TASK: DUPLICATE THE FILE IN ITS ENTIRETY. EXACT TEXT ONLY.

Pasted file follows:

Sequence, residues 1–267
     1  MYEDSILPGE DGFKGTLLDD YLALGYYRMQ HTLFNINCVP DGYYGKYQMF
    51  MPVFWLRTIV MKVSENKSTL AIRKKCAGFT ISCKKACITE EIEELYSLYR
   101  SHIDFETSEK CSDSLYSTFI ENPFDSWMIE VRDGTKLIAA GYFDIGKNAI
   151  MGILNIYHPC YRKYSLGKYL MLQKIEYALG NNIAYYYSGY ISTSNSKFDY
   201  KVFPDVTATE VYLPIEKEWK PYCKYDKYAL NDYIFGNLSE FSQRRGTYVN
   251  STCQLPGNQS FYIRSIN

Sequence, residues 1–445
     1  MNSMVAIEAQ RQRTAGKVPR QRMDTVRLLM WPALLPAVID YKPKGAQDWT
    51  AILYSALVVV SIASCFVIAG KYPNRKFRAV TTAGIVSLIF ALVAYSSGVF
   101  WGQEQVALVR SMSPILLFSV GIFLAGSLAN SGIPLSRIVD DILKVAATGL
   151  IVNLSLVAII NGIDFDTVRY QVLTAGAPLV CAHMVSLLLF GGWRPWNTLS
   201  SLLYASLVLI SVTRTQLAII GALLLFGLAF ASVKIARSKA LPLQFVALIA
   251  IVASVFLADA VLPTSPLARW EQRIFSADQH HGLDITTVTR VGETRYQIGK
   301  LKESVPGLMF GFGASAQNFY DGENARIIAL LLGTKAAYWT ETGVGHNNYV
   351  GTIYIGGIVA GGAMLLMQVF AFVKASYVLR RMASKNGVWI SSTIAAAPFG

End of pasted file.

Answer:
Sequence, residues 1–267
     1  MYEDSILPGE DGFKGTLLDD YLALGYYRMQ HTLFNINCVP DGYYGKYQMF
    51  MPVFWLRTIV MKVSENKSTL AIRKKCAGFT ISCKKACITE EIEELYSLYR
   101  SHIDFETSEK CSDSLYSTFI ENPFDSWMIE VRDGTKLIAA GYFDIGKNAI
   151  MGILNIYHPC YRKYSLGKYL MLQKIEYALG NNIAYYYSGY ISTSNSKFDY
   201  KVFPDVTATE VYLPIEKEWK PYCKYDKYAL NDYIFGNLSE FSQRRGTYVN
   251  STCQLPGNQS FYIRSIN

Sequence, residues 1–445
     1  MNSMVAIEAQ RQRTAGKVPR QRMDTVRLLM WPALLPAVID YKPKGAQDWT
    51  AILYSALVVV SIASCFVIAG KYPNRKFRAV TTAGIVSLIF ALVAYSSGVF
   101  WGQEQVALVR SMSPILLFSV GIFLAGSLAN SGIPLSRIVD DILKVAATGL
   151  IVNLSLVAII NGIDFDTVRY QVLTAGAPLV CAHMVSLLLF GGWRPWNTLS
   201  SLLYASLVLI SVTRTQLAII GALLLFGLAF ASVKIARSKA LPLQFVALIA
   251  IVASVFLADA VLPTSPLARW EQRIFSADQH HGLDITTVTR VGETRYQIGK
   301  LKESVPGLMF GFGASAQNFY DGENARIIAL LLGTKAAYWT ETGVGHNNYV
   351  GTIYIGGIVA GGAMLLMQVF AFVKASYVLR RMASKNGVWI SSTIAAAPFG